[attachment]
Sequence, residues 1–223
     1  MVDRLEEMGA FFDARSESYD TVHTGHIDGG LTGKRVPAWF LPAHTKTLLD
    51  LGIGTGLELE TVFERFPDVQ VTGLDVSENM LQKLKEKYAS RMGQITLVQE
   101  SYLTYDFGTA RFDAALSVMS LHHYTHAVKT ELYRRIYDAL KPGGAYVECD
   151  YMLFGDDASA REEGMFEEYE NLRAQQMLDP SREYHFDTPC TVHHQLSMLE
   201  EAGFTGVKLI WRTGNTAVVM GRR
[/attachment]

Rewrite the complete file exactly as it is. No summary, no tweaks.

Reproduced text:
Sequence, residues 1–223
     1  MVDRLEEMGA FFDARSESYD TVHTGHIDGG LTGKRVPAWF LPAHTKTLLD
    51  LGIGTGLELE TVFERFPDVQ VTGLDVSENM LQKLKEKYAS RMGQITLVQE
   101  SYLTYDFGTA RFDAALSVMS LHHYTHAVKT ELYRRIYDAL KPGGAYVECD
   151  YMLFGDDASA REEGMFEEYE NLRAQQMLDP SREYHFDTPC TVHHQLSMLE
   201  EAGFTGVKLI WRTGNTAVVM GRR